• Volvo B10TL (SBS9844Z) – Bought by a private collector and shipped to Hong Kong
Gallery:

See Also

Back to Volvo B10BLE

10 thoughts on “SBS2988M – Volvo B10BLE preserved at St. Andrew’s Autism Centre

  • 18 February 2020 at 10:17 AM
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    Speaking of technology, nowadays got the VR glasses. Virtual Reality glasses.

    If we are able to develop a console that can provide the same kind of training without using the physical public transport vehicles, that would be even better.

    But really, it would be better to do real-world training on the actual public transportation.

    With guidance, of course, and the related safety measures such as someone on standby to restrain if necessary, to maintain public order.

    That is with regards to the people with Autism.

    Whereas for the people with Disabilities, for the train, it is to train them to use the lift, as well as take the train. As for the buses, is how to communicate with the bus driver in order to board the bus, as well as how to alight after that.

    For both groups of people, it is really better for them to have real-world training.

    The crowd, as well as all the other things like announcements and scenary, as well as the overall atmosphere.

    Better to have real-world training, as realistic as possible, in order to facilitate recovery, so that these two groups of people would be able to integrate into the society as early as possible, which I believe this is what everyone wants.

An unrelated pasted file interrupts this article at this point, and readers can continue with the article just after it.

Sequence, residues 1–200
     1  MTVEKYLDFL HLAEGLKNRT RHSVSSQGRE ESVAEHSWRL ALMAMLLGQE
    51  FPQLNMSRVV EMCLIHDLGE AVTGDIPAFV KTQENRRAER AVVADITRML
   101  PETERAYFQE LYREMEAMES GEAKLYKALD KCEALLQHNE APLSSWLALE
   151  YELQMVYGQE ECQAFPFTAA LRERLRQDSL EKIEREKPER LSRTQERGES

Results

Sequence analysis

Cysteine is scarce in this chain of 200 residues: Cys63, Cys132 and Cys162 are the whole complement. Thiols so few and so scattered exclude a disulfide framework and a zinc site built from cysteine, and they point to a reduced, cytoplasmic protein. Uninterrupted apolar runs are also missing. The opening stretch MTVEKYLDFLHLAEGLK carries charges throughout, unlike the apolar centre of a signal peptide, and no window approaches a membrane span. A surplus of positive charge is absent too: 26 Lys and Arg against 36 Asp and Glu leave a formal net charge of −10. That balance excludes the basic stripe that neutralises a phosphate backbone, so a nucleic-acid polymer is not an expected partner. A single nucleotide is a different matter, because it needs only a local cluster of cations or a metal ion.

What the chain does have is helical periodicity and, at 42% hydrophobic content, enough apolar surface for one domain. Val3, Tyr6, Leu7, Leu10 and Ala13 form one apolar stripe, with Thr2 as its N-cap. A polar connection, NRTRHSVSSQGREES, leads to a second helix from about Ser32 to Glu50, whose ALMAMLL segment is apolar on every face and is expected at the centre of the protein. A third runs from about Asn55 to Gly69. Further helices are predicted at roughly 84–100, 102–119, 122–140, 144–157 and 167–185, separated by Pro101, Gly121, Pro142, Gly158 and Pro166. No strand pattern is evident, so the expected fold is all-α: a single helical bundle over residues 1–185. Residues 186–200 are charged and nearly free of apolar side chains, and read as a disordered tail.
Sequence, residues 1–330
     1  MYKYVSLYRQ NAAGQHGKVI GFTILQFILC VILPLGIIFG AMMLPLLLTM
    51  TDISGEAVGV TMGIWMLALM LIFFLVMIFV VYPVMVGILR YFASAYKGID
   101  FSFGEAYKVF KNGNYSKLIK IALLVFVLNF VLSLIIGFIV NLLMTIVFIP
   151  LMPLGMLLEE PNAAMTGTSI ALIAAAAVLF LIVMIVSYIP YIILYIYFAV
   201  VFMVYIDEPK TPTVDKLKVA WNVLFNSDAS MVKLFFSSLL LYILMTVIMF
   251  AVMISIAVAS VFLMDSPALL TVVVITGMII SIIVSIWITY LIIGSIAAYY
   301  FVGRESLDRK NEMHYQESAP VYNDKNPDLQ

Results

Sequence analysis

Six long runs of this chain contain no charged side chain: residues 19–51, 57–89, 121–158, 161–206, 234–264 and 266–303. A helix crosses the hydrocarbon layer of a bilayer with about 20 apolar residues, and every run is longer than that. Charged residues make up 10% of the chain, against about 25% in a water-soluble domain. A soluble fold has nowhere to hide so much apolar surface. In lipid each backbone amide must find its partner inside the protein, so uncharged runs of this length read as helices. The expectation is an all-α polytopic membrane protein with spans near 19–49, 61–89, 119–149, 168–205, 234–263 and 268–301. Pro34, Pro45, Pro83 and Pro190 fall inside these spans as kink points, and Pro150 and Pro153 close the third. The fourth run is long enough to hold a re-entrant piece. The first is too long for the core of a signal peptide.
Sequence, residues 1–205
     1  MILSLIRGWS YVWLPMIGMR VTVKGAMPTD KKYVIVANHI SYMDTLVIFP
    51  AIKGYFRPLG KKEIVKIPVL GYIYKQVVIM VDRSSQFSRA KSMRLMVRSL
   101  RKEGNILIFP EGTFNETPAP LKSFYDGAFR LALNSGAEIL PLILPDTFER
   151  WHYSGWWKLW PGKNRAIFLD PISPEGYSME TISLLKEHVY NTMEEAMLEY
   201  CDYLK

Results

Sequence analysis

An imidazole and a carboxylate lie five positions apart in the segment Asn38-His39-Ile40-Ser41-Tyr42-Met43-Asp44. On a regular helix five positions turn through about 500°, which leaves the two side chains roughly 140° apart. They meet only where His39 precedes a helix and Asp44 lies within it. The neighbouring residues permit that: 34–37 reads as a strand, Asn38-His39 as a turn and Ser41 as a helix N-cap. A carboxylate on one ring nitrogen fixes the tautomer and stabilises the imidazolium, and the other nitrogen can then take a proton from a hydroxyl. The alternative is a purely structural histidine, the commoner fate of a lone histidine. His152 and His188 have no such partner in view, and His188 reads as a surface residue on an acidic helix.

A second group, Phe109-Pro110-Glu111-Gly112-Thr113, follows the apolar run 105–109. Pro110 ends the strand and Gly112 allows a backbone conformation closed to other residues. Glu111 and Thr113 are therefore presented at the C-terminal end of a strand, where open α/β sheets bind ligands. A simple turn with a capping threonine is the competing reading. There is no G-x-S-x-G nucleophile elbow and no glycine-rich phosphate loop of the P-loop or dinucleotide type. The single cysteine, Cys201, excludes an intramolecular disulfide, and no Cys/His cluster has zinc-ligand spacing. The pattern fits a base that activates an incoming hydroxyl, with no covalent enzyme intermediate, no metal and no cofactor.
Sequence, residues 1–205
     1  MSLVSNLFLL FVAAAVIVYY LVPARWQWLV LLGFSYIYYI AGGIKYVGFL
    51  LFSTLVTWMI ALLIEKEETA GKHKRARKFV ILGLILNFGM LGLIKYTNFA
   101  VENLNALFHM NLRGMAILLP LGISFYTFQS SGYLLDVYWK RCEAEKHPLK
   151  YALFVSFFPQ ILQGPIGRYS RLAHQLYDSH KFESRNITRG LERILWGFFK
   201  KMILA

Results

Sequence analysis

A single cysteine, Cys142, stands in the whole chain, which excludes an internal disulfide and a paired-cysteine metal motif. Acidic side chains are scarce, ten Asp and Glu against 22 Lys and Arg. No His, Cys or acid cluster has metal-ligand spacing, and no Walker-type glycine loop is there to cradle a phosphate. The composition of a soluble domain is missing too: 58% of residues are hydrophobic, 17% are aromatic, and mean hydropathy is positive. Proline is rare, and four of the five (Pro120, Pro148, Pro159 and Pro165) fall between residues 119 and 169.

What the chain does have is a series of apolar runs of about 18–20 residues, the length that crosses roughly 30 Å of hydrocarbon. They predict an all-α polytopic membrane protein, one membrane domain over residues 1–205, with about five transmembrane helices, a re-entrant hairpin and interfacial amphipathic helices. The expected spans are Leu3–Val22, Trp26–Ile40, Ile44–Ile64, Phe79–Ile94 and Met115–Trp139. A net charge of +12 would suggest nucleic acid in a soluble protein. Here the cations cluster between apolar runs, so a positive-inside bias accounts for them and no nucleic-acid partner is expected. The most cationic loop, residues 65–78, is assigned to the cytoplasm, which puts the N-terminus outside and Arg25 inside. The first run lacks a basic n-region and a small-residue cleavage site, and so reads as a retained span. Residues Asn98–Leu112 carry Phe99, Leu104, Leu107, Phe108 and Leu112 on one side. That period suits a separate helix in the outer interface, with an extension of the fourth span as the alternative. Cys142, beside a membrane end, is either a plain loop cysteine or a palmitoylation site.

For the interests of everyone as well as the people with autism or disabilities themselves. Integration would make it fair for everyone.

    Reply
    • 14 March 2020 at 11:58 PM
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      But VR consoles can be quite expensive and taking them out to the bus interchange can take up a lot of manpower. So this clever method of using a decommissioned bus for training is relatively cheaper and requires less manpower. It gives them a realistic simulation to people with autism on taking the bus.

      Reply
  • 17 February 2020 at 11:04 AM
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    Philip Sean,It makes sense for them to do this, if you take them to the actual train station/actual bus it will take up quite a fair bit of manpower.(Taking them to the station etc) At least when they use decommissioned buses for training, it is very convenient as they can just conduct training at the compound itself. Take the Jurong Hospital mobility park as an example. The bus cannot keep the equipment that you would normally see when it was in revenue service (Ez-Link Card Reader,DDU) as they belong to LTA. I’m not sure of other countries have done this before but it is a clever method by SBST to give decommissioned buses a new lease of life. Hope to see more of these!

    Reply
  • 16 February 2020 at 11:05 PM